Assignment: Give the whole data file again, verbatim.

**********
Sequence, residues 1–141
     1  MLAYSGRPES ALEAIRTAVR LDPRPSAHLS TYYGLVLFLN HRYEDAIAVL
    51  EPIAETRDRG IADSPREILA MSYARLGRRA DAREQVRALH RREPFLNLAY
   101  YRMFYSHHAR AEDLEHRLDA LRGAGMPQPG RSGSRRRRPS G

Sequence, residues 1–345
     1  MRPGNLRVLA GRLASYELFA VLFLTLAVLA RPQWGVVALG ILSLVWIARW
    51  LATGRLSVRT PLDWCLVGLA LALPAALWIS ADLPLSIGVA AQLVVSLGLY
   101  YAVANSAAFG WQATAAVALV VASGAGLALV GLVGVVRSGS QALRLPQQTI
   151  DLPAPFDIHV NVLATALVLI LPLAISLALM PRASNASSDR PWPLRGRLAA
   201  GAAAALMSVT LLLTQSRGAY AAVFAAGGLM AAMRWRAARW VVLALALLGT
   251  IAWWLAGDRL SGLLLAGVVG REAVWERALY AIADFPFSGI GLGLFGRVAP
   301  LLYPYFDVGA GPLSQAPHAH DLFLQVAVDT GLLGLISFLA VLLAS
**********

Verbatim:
Sequence, residues 1–141
     1  MLAYSGRPES ALEAIRTAVR LDPRPSAHLS TYYGLVLFLN HRYEDAIAVL
    51  EPIAETRDRG IADSPREILA MSYARLGRRA DAREQVRALH RREPFLNLAY
   101  YRMFYSHHAR AEDLEHRLDA LRGAGMPQPG RSGSRRRRPS G

Sequence, residues 1–345
     1  MRPGNLRVLA GRLASYELFA VLFLTLAVLA RPQWGVVALG ILSLVWIARW
    51  LATGRLSVRT PLDWCLVGLA LALPAALWIS ADLPLSIGVA AQLVVSLGLY
   101  YAVANSAAFG WQATAAVALV VASGAGLALV GLVGVVRSGS QALRLPQQTI
   151  DLPAPFDIHV NVLATALVLI LPLAISLALM PRASNASSDR PWPLRGRLAA
   201  GAAAALMSVT LLLTQSRGAY AAVFAAGGLM AAMRWRAARW VVLALALLGT
   251  IAWWLAGDRL SGLLLAGVVG REAVWERALY AIADFPFSGI GLGLFGRVAP
   301  LLYPYFDVGA GPLSQAPHAH DLFLQVAVDT GLLGLISFLA VLLAS